Carmella Rowsthorne had taken a varied approach to selecting the location of her property investments, but since suffering a massive loss in cash flow due to the commodity downturn she’s resolved to confining her future investments to the big cities.
“Up until this year I had taken a varied approach to my investment property portfolio. I had a mix of blue-chip investments in capital cities and larger houses in regional locations. But I’ve been burnt by the volatility of regional markets, and I all of my future investments will be confined by the limits of Australia’s big cities.
I got caught up in the house-and-land package craze in Dalby in regional Queensland, and purchased a four-bedroom home off-the-plan for $371,000 in 2010. It was fine when the coal mining was going full steam ahead, but the slowdown in exports and the closure of mining projects in the region has seen my weekly rent plummet from $600 a week down to an anticipated $350. That’s a huge difference to cash flow and has created quite the headache for my portfolio. As the property is currently vacant, I’m not even sure that I will be able to secure $350 a week.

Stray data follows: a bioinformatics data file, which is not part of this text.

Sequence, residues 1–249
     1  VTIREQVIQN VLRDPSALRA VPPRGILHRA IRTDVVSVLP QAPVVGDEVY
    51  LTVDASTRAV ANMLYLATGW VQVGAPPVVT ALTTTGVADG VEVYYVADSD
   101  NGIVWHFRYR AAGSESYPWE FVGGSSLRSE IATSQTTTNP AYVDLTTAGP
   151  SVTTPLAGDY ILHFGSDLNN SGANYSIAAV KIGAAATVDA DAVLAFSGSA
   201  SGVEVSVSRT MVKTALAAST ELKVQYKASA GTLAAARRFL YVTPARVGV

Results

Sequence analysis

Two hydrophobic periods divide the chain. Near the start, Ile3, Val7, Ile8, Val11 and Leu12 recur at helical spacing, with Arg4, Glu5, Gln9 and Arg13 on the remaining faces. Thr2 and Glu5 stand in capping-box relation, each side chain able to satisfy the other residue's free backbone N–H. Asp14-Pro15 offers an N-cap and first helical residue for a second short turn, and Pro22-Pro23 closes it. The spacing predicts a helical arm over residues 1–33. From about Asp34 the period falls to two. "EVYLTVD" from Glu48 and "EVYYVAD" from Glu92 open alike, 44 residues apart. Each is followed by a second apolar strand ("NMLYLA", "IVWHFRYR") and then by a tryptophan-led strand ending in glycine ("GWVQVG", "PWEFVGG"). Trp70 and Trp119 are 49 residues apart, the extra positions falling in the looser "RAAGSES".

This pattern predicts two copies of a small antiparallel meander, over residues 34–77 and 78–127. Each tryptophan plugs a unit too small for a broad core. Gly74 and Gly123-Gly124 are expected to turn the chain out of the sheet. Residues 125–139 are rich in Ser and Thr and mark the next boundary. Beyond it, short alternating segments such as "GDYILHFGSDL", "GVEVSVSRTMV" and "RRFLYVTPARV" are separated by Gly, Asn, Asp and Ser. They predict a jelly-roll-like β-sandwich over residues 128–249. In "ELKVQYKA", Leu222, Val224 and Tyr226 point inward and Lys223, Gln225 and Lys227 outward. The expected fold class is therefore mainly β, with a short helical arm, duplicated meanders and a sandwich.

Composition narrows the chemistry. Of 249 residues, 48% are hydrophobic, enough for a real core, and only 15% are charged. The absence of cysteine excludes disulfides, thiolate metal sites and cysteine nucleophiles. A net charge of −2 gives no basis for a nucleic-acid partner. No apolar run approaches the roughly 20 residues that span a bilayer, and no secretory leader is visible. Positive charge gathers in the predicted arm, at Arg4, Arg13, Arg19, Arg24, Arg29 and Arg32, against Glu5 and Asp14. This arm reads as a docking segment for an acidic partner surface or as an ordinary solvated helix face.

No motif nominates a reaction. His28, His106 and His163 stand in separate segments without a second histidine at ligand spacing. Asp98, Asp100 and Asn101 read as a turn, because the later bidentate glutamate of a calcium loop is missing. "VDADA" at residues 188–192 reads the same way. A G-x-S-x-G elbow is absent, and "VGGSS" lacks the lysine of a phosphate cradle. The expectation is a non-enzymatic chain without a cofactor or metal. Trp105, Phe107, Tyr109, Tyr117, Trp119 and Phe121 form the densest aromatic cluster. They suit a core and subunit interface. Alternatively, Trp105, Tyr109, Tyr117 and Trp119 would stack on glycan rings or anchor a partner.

The problem is that I can’t sell the thing either. The relentless push by house and land developers in the region has created an absolute glut on the market, and I’d be lucky to recoup anywhere near my purchase cost. I’ve been told that if I can hold on to the property for the next three to four years they will rebound, but at the moment they are as dead as a doornail.
I’ve just changed agents, and I’m hoping that this may assist me with getting at least the $350 per week figure. I’ve been with the one property manager for four years since I’ve had it and the news out of them was all doom and gloom. That’s the other difficult thing with regional investments – it’s very difficult to find the time to travel to the region and check out the situation for yourself.
One of my other regional investments in Broome has been a slightly different story, largely due to the fact that it’s rented to the government on a five-year lease. I built that one to specifications and it’s a regional one that is returning very well, aided by the security of a long-term lease. There are some projects coming up in Broome, so I’m hoping that in the long-term that one will be okay.
I accept that investing in property is associated with a degree of risk, but I have now learnt that there are ways to reduce this risk. I’d rather purchase now where the employment is and where the people are, where the demand is guaranteed. That was the philosophy behind my latest purchase in Darwin. At least in places like Darwin, the long-term infrastructure is there and industry is fuelled by many resources, not just one.”